Currently, BCG is only medically approved for the treatment of bladder cancer, not for other cancer types. Some research suggests that BCG therapies might also be helpful in fighting some other cancer types, such as stomach cancer, but currently it is not approved for any other cancer treatments.

Before Getting BCG

Before you start BCG, you’ll need to talk with your healthcare provider to make sure BCG is the best treatment for your NMIBC. You might have other options, like not doing BCG or picking a type of chemotherapy to be inserted into the bladder instead.

BCG therapy usually follows a procedure called transurethral resection of bladder tumor (TURBT). This treatment removes all visible cancer in the bladder. It also provides information about whether BCG or another treatment option might be a better idea. BCG is given two weeks or more after the TURBT procedure.

You may also need to be evaluated for tuberculosis, since BCG is not suitable for people with active tuberculosis infection. Depending on the situation, this might require assessments like a PPD skin test or an X-ray.

You’ll need to tell your healthcare provider about your medical history, including any prescription or over-the-counter medications you are taking. That will help your clinician make sure BCG therapy is safe for you.

Precautions and Contraindications

BCG should not be used in people who are immunocompromised, such as from medical conditions like AIDS or from genetic medical conditions. People taking medications that can suppress their immune system (like corticosteroids or cancer therapies) should also not take BCG.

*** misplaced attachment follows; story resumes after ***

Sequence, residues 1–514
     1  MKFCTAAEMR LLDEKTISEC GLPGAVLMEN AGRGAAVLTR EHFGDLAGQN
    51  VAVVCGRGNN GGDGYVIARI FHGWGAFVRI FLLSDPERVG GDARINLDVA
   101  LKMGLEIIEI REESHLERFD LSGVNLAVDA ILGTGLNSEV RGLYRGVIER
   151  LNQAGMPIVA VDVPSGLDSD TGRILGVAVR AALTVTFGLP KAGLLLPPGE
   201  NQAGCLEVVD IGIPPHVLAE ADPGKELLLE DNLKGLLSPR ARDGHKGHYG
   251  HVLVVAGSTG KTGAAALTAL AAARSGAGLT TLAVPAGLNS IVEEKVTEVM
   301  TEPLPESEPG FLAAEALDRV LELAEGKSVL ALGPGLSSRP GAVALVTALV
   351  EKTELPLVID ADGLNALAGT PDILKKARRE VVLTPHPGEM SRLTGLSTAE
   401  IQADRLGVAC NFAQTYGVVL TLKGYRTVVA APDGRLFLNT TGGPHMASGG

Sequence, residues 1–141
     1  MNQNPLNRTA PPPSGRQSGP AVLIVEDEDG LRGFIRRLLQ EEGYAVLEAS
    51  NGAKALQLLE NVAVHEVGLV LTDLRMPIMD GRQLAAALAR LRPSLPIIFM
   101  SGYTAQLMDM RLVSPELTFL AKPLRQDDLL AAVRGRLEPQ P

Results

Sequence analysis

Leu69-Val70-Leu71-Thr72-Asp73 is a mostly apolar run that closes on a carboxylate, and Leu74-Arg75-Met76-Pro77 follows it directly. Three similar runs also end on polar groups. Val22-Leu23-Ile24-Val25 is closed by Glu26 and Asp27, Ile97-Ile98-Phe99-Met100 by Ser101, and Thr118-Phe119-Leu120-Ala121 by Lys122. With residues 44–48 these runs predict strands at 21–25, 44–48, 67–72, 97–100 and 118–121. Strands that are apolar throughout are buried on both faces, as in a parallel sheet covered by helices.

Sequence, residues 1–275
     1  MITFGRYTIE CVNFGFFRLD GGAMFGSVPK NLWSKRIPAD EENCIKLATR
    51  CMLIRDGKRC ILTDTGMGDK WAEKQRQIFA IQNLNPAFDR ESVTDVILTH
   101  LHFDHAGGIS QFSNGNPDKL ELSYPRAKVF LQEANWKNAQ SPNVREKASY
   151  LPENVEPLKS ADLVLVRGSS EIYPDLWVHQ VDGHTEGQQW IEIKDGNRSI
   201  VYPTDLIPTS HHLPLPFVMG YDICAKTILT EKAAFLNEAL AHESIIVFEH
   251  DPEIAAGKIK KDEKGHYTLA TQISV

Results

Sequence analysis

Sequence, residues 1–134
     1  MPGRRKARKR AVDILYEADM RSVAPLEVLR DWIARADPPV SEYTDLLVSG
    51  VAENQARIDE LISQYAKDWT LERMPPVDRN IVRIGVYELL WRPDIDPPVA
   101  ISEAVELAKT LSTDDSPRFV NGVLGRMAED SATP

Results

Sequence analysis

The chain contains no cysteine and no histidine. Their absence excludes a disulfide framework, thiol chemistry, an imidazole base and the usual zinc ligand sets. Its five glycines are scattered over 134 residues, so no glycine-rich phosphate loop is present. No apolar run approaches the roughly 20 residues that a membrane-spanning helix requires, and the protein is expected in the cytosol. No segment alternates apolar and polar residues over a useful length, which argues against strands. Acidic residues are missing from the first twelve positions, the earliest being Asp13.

People who are pregnant should not take BCG therapy if possible. Pregnancy should be avoided while a person is undergoing BCG therapy, and breastfeeding is also not advised.

People who have certain types of medical issues should wait until these resolve before having BCG. For example, you should wait if you currently have a fever, urinary tract infection, blood in your urine, or if you recently were injured during urinary catheterization. You should also finish any antibiotics taken for another medical reason before you have BCG therapy.

How BCG Therapy Is Done

BCG as an immunotherapy for cancer is given through a catheter into the bladder, never intravenously or as an injection. This is usually done in an outpatient setting. The professionals there will assemble the BCG so that it can be safely administered.

Your clinician will give you specific instructions about how you need to prepare ahead of time. You may need to limit your fluid intake before the procedure. Just before it, you’ll need to empty out your bladder.

The urinary catheter is inserted through the urethra (the tube carrying urine to the outside of the body). The solution containing the BCG is injected into the catheter. The catheter is clamped to help the BCG remain inside the bladder, where it can start to work. You may be asked to roll around a bit to help the medication reach all parts of the bladder. After a couple of hours or so, the catheter is unclamped. The fluid drains away, and someone removes the catheter.

Because BCG therapy includes an active, live bacteria, you’ll need to take certain precautions. For about six hours after the treatment, you should urinate while seated (to avoid urine splashing). During this time, you should also add bleach to the toilet for 15 minutes before flushing. This will help disinfect the toilet. You should also wash your genital region and your hands carefully. After the treatment, you should increase your fluids to better help flush out the bladder.